KPMG’s Audit Committee Institute recently released its 2014 Global Audit Committee Survey. Key findings include:
- The top five risks that audit committee members identified as posing the greatest challenges to their companies are government regulation/impact of public policy initiatives (48%); uncertainty and volatility (economic, political/social instability)(47%); operational/risk control environment (39%); legal/regulatory compliance (33%); and talent management and development (26%).
- The responsibilities of audit committees have expanded beyond financial reporting to include risk identification and management, particularly in such areas as cyber and IT risk and global compliance. While half of audit committee members are satisfied that the committee has the time and expertise to address the major risks on its agenda (in addition to financial reporting and internal control), 43% said that overseeing these other risks was “increasingly difficult” and 7% thought that the committee did not have the necessary time and expertise. About one in five of the respondents said that their board had created a new committee to focus on risk or on a specific type of risk (e.g., compliance or technology); 36% said that their board would consider such changes “in the near future.”
- As the audit committee’s responsibilities expand into additional risk areas, there is a strong consensus that the internal audit staff’s responsibilities should expand as well. Over 80% of respondents thought that internal audit’s role should extend beyond financial reporting and controls to include other risks facing the company. The top area in which respondents thought that internal audit should spend more time in the coming year was risk management processes (65%). Half of the audit committee members surveyed were satisfied that internal audit had the skills and resources to be effective in the role envisioned for it; 42% were somewhat satisfied; and 8% were not satisfied that the internal audit staff could do the job they envisioned.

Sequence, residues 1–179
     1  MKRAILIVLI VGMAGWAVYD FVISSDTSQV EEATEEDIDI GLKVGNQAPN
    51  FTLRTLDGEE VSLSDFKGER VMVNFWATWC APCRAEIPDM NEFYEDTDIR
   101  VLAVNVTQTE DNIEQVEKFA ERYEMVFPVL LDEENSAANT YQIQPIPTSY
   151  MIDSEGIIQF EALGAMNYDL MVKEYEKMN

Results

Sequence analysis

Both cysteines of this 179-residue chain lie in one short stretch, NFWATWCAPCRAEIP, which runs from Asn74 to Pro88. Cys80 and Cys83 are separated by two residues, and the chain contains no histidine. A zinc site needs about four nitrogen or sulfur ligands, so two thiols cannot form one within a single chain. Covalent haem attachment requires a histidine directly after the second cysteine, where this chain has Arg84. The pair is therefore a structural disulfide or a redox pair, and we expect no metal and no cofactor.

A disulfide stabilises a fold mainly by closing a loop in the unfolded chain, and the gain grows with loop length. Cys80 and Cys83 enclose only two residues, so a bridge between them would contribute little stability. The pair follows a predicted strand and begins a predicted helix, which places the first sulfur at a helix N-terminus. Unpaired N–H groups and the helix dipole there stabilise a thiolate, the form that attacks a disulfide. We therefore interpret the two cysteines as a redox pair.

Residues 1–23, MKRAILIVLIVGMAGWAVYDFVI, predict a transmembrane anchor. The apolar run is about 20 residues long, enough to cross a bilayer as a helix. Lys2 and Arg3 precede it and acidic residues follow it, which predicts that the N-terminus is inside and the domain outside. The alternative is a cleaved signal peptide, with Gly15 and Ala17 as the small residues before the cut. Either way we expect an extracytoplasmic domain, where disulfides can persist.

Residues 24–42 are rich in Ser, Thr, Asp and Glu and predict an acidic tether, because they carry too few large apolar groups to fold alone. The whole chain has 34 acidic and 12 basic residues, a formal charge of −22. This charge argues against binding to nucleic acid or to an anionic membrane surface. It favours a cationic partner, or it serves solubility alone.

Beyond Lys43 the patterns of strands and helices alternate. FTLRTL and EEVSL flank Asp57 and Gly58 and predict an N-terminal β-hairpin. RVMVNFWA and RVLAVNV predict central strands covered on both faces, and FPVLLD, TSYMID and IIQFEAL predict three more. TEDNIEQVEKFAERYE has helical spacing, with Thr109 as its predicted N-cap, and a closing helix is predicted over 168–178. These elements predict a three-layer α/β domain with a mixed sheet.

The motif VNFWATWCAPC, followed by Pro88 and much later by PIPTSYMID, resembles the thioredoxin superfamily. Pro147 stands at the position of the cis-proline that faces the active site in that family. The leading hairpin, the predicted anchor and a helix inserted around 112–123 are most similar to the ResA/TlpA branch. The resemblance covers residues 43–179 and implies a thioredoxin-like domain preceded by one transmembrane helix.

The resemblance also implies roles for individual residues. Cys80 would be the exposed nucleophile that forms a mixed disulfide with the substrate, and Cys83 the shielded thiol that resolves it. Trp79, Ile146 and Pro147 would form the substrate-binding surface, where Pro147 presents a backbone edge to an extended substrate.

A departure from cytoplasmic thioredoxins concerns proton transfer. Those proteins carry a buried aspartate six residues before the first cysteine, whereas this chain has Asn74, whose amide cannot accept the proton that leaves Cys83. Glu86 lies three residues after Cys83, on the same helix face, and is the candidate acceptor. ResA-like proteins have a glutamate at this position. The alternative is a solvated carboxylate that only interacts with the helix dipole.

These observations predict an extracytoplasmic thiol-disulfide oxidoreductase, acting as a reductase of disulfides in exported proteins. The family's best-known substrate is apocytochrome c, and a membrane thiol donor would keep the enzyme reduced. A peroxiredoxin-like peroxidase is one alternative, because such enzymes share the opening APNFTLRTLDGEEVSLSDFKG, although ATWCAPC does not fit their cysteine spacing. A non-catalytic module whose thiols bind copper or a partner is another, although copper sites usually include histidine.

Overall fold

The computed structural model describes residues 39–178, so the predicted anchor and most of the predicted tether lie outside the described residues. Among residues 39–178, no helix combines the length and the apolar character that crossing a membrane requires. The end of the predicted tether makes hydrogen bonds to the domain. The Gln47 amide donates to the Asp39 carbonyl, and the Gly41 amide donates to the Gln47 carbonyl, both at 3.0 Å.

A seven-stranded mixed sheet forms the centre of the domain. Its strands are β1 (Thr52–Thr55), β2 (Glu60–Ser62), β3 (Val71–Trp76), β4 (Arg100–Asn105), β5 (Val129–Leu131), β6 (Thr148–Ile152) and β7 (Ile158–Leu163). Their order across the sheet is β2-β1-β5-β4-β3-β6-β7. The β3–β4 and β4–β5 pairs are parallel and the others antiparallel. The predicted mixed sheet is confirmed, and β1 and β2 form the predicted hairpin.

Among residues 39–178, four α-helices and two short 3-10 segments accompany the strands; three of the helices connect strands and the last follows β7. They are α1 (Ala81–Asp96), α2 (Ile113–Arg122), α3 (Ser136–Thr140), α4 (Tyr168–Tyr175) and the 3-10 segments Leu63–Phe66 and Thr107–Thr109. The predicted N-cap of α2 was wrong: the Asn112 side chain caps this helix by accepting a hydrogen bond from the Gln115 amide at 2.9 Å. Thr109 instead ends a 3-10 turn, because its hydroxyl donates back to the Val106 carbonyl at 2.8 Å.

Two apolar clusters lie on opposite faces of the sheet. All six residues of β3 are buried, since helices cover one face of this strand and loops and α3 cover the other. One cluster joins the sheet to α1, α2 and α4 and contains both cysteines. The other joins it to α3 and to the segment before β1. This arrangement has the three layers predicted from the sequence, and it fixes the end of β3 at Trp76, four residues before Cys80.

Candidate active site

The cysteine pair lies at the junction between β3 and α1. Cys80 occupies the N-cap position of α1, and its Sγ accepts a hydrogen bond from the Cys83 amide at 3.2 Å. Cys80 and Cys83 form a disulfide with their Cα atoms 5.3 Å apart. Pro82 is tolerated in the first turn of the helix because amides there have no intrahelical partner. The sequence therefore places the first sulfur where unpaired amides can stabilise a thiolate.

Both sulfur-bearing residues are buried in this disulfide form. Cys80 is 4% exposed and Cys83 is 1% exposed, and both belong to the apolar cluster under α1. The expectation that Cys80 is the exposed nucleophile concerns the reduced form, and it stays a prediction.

- Respondents were asked to rate the quality of the information they received on various types of risk. The three areas with the highest percentage of “needs improvement” responses were cyber security, including data privacy and protection of intellectual property (32%); pace of technology change (e.g., emerging technologies, mobile, social media) (27%); and global systemic risk (pandemic, social unrest, political instability) (24%).
KPMG surveyed approximately 1,500 audit committee members in 34 countries between September and November 2013. All respondents served on the audit committee, or equivalent supervisory board, of at least one company. Sixty-six percent of the respondents were on a public company board; 51 percent serve as audit committee chair.
Comment: As noted in prior Updates, the SEC and the PCAOB have indicated that they expect audit committees to devote more time and attention to various aspects of financial reporting and auditor oversight, such as assessing audit quality, overseeing the ICFR audit, and understanding the engagement quality review process. In this context, boards may want to consider assigning responsibility for at least some aspects of risk – such as cyber security – to another committee in order to make sure that the audit committee has adequate time to perform its core mission. The KPMG survey also underscores the importance of matching the responsibilities and resources of the internal audit function to the responsibilities of the audit committee